Jeff Eastin isn’t expecting a whole lot of Emmy love for White Collar, the USA Network personality procedural that he created and runs. But if his show isn’t in a league with the Mad Men and Boardwalk Empire crowd, its ratings eclipse them all as the top-rated scripted drama on cable with both adults 18-49 and 25-54. Now that White Collar has launched its 3rd season on June 7, Eastin spoke with Deadline TV contributor Ray Richmond about how the perception of USA is beginning to change and the frustrations of the dramatic comedy hybrid:
DEADLINE: Why do you think it is that shows like White Collar always are passed over at Emmy time?
JEFF EASTIN: There are probably a couple of reasons. First probably has to be the fact that there’s been a perception in years past that shows on USA are lighter and fluffy and don’t have the gravitas of a Mad Men. But I think that especially lately, there’s been a move toward being taken more seriously. The second reason we’re not on the awards radar is probably that we’re so successful. I think the prevailing wisdom is that you can’t be the top scripted drama in the prime demos and also embody quality. I was in Paris last year, and it shocked me how many Americans living over there watch the show. But the conversation always went, ‘Of course I watch Mad Men, and I have to say I also watch White Collar.’ It’s like they’re saying, ‘I understand quality television. I’m in the club. And I watch you guys too.’ So we’re slowly moving toward recognition. The greatest thing that I don’t hear is the term ‘guilty pleasure’ ever applied to our show.
DEADLINE: So you think Emmy voters dismiss your show based on its tone and subject matter?
EASTIN: Yeah, pretty much. There’s also the thing with straddling that interesting fence between comedy and drama as we do. It’s traditionally tough for dramedies like our series to generate any kind of awards discussion. If we’re going up against Mad Men and Breaking Bad, we’re not going to win that race. Being a hybrid makes it tough to get the recognition. I only wish people would judge us solely on the quality of the show and not the perception of it due to the network it’s on, and base their decision to watch or not solely on how good we are.
DEADLINE: But you did get honored by the Paley Center in Beverly Hills last March.
EASTIN: That was a huge thrill for us, especially because David Kelley volunteered to moderate because he really likes the show. That was a big moment for us. It represented a kind of continuing movement toward the realization that people are taking us more seriously and we aren’t just considered a lightweight show. The fact we have two exceptional actors in Matt Bomer and Tim DeKay has helped an awful lot and that relationship we have between our lead characters. When I sat down to write the original pilot, one of the big debates I had with the studio was, is this 48 Hrs? Traditionally, of course, what you do is you have the guys hate each other until the very last second of the final frame and then it’s, ‘OK, we’re not friends, but I guess we can be partners.’ I’m surprised that every year there are a fair number of reviews that basically say, ‘Get rid of the con man’s anklet and have him work for the FBI.’ And then of course you’d have a show about two wisecracking guys solving crimes. It would be like asking Dr. House to get rid of the Vicodin addiction and the limp.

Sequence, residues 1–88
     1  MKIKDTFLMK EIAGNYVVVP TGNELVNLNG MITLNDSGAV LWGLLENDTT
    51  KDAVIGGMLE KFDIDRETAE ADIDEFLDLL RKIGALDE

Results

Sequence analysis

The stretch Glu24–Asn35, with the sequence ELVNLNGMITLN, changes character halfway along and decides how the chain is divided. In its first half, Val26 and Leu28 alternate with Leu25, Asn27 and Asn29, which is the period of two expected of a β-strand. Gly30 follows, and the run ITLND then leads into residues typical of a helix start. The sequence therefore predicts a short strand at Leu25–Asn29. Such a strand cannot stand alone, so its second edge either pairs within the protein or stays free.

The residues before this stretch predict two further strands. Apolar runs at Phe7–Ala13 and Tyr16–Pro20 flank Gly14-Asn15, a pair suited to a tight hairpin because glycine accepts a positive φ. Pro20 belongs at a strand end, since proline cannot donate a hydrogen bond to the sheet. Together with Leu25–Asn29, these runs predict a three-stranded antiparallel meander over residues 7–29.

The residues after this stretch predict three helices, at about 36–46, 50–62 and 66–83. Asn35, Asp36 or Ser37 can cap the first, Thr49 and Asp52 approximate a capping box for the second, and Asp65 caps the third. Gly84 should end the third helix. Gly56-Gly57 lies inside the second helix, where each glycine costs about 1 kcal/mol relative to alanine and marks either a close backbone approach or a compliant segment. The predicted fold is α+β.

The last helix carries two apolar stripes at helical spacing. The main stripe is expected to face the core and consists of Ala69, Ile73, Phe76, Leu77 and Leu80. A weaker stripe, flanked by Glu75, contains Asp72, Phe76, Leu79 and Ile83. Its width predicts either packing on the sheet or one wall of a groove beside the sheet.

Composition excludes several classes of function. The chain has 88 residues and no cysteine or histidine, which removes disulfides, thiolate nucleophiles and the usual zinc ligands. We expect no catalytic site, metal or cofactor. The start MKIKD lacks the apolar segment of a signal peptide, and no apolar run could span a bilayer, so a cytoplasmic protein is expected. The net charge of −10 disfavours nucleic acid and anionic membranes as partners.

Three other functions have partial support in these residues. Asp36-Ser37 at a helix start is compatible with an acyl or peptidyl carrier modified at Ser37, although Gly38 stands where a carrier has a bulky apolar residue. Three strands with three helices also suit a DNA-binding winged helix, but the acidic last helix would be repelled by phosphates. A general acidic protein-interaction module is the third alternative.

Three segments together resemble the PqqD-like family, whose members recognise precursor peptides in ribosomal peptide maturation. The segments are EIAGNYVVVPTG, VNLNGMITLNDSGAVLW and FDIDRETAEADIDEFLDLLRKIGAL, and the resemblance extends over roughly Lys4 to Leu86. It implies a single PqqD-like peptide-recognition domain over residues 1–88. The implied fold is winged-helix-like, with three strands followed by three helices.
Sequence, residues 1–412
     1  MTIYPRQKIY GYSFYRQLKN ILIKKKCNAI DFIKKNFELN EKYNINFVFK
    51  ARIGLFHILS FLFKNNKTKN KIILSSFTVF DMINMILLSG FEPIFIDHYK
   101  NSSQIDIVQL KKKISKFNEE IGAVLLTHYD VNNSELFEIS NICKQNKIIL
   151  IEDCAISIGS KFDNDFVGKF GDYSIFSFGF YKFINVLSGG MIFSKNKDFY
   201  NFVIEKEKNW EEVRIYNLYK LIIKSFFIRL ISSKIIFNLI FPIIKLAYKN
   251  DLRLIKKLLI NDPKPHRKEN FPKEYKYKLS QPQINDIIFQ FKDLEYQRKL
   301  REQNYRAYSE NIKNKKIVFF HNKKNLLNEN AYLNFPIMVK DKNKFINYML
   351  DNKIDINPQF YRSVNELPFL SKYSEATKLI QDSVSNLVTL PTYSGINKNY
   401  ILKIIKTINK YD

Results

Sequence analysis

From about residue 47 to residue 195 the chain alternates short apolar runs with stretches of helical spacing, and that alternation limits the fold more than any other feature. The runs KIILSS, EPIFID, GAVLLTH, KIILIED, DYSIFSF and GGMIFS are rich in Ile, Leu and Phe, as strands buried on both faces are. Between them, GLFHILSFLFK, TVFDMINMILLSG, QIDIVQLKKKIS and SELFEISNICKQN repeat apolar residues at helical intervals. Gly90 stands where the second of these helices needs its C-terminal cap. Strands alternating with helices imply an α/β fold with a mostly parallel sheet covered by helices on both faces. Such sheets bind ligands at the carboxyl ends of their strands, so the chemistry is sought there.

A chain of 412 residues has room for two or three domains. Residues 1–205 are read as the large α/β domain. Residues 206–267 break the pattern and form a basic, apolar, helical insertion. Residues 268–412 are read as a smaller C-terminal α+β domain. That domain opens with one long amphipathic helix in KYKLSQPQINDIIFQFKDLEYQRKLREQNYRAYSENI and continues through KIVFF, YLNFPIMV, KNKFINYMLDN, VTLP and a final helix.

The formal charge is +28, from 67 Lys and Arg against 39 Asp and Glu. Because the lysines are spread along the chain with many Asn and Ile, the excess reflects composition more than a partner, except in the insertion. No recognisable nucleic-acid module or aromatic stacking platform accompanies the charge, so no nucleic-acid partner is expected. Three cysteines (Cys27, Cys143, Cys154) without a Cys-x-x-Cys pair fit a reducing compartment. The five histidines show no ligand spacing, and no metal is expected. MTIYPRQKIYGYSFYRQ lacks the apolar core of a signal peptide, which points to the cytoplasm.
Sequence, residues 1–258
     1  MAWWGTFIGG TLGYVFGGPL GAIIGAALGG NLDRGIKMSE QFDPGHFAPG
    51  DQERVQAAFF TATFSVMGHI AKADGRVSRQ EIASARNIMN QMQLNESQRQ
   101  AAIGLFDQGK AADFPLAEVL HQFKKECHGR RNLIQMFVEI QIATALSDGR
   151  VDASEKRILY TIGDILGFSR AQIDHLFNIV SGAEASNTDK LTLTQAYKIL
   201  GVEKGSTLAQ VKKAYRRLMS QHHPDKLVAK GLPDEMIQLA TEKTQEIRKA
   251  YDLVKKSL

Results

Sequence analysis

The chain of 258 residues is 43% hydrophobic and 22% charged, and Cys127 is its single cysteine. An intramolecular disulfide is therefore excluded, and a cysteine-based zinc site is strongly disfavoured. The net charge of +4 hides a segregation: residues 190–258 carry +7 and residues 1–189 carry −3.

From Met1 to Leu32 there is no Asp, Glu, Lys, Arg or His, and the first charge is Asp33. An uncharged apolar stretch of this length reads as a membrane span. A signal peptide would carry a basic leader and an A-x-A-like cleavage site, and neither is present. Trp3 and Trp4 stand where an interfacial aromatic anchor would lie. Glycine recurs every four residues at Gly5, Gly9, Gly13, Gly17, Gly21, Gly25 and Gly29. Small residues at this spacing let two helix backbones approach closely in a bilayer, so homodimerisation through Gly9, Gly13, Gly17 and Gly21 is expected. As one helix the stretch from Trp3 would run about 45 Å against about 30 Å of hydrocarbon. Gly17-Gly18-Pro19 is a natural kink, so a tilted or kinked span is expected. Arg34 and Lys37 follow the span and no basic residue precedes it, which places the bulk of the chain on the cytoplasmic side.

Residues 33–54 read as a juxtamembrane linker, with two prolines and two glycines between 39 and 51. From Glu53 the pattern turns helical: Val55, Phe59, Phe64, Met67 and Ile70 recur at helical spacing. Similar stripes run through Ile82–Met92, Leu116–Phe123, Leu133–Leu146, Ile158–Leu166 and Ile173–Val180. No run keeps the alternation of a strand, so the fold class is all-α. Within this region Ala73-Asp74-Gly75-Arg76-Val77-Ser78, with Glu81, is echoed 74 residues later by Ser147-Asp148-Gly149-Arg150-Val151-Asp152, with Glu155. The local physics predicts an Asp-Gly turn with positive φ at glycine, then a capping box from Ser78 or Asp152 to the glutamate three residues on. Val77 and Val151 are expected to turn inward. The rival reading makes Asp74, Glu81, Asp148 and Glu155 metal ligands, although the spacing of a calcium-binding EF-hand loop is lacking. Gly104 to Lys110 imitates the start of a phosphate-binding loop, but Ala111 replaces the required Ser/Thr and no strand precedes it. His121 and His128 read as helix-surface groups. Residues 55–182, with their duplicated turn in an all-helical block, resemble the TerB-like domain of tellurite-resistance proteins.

DEADLINE: But didn’t you get some criticism last season that your leads got a little too chummy with each other?
EASTIN: Yes, that happened. And that’s one reason why we decided to reset the mythology for Season 3 and start over with something closer to the relationship the guys had in the original pilot. We’ve taken it back now to where Neal (Matt Bomer) is a little more bad boy and adversarial. We feel like that’s going to a bit of a darker edge, where they smile and laugh with each other but once they walk out of the room they wonder what the other is really up to. But one of the great things about being on USA is they give us the freedom to play around a bit with the show’s tone.
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